This is the editor's interpretation of a paper published in the orthopaedic literature in 2009 - our attempt to make relevant medical articles accessible to lay readers. If you want to read the original it is easy to ask your librarian to obtain a reprint for you from any medical library.
The authors address the problem of distressing pain in patients who have had total knee replacement but in whom investigations have revealed no obvious cause for the pain.
The authors discuss the most common causes of pain persisting after total knee replacement, and the investigations - clinical evaluation, blood tests, diagnostic imaging and microbiological analysis - used to try and unravel the problem.
They stress that such pain must be investigated early, and that it is important to involve a pain specialist. The investigating team also needs to be multidisciplinary, involving clinicians from various disciplines and including the family doctor. Tackling the problem early may avoid anxiety and depression, together with the health problems that may accompany these symptoms. The authors feel that a pain clinic offers the best environment, as generally longer appointment slots allow for for detailed investigation.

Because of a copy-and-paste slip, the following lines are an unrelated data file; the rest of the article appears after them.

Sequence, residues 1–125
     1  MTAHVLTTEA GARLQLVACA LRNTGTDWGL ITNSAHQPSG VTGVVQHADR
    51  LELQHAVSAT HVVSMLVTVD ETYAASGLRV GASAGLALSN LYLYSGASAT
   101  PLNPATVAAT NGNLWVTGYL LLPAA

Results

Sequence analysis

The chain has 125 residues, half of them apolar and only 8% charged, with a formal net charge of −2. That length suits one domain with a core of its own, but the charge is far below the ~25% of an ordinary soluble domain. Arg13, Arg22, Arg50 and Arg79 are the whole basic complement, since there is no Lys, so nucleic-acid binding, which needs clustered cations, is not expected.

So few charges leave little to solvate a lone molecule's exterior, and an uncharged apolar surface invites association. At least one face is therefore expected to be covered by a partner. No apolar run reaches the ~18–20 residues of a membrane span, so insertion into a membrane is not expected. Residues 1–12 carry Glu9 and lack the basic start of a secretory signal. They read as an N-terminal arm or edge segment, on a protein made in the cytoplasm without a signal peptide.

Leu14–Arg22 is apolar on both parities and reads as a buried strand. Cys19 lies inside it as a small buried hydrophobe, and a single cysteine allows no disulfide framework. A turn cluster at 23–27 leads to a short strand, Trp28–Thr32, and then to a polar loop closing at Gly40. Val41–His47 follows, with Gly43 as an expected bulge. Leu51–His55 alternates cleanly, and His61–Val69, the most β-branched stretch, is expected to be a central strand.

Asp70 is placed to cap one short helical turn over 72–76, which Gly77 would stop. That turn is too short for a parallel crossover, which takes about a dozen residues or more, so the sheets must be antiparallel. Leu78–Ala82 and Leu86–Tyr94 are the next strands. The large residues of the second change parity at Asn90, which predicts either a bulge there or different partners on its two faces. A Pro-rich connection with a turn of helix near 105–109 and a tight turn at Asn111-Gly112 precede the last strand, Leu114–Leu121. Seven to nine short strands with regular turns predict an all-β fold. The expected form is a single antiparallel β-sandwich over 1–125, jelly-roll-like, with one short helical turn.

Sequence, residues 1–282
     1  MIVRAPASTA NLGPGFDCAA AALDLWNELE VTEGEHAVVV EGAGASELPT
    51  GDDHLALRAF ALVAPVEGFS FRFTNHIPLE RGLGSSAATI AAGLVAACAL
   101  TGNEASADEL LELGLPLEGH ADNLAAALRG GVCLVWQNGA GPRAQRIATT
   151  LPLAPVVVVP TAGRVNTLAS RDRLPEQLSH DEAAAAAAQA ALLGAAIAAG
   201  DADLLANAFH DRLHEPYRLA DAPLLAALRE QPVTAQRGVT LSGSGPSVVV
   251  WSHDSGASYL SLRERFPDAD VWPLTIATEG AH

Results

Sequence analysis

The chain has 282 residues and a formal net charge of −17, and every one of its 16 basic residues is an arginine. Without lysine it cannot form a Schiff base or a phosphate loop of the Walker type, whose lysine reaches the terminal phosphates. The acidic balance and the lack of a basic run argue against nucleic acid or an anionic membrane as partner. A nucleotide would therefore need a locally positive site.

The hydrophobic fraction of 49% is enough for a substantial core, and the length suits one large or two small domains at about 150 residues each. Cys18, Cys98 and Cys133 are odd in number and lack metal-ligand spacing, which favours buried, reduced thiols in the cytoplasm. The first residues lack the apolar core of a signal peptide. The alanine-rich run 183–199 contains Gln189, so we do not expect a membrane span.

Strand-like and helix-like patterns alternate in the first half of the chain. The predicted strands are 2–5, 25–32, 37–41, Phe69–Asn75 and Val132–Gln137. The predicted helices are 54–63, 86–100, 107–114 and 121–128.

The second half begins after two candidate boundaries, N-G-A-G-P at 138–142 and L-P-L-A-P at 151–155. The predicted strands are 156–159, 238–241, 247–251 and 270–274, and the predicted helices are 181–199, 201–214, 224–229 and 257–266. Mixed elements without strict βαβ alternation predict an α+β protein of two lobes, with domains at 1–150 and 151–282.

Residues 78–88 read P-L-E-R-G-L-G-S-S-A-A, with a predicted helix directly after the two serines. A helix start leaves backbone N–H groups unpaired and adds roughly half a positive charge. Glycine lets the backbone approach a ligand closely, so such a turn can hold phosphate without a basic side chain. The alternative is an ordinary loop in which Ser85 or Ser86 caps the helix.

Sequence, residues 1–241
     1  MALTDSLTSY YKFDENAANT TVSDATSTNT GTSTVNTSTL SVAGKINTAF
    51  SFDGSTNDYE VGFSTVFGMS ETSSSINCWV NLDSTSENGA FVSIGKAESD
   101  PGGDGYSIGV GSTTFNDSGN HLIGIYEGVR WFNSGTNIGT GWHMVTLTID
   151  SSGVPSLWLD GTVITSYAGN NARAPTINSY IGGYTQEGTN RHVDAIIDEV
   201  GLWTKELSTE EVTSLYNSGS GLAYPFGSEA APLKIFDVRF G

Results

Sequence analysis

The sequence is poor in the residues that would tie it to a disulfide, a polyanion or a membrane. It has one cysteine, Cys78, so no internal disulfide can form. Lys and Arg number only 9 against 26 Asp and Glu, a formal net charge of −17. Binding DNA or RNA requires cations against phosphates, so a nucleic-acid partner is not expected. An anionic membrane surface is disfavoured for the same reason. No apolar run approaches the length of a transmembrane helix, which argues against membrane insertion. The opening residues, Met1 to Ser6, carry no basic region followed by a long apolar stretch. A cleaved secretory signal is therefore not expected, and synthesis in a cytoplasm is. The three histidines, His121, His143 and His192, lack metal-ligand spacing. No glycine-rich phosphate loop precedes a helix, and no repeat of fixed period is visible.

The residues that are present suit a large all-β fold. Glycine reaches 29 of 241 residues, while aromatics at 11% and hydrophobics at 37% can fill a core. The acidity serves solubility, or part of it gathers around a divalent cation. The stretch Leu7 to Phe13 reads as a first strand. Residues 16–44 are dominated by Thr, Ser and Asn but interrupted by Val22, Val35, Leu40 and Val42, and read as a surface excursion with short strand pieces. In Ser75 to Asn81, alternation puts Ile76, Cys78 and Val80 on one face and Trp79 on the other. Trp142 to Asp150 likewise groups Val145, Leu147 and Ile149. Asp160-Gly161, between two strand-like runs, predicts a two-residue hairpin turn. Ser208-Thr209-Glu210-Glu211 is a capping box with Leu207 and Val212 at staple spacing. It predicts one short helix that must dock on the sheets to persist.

While investigations are underway, analgesics need to be adequate. After the initial pain of the knee replacement has been covered with pain killers (analgesics), if pain persists it is likely that the routine post-op prescriptions have ended, and physiotherapy may also have ended, so continuing and increasing pain may lead to inactivity and stiffness of the joint. The World Health Organisation (WHO) have published an 'analgesic ladder' - a stepwise progression of pain management - to help clinicians manage the patients pain adequately while investigations are continuing.
The authors go on to discuss several possible causes of persistent pain after total knee replacement, and the KNEEguru suggests that you try and obtain the original article to read about these in detail. Briefly their list includes -
Wrapping up their paper, the authors emphasise that the investigation and management of the persistently painful knee after total knee replacement requires a multi-disciplinary approach. They stress that it is important to adequately manage the pain during the period of investigation. In those patients where there are no immediate indications for surgery, they have found that most patients find their pain settles if given time and adequate pain management and revision surgery should not be rushed into on the basis of pain alone.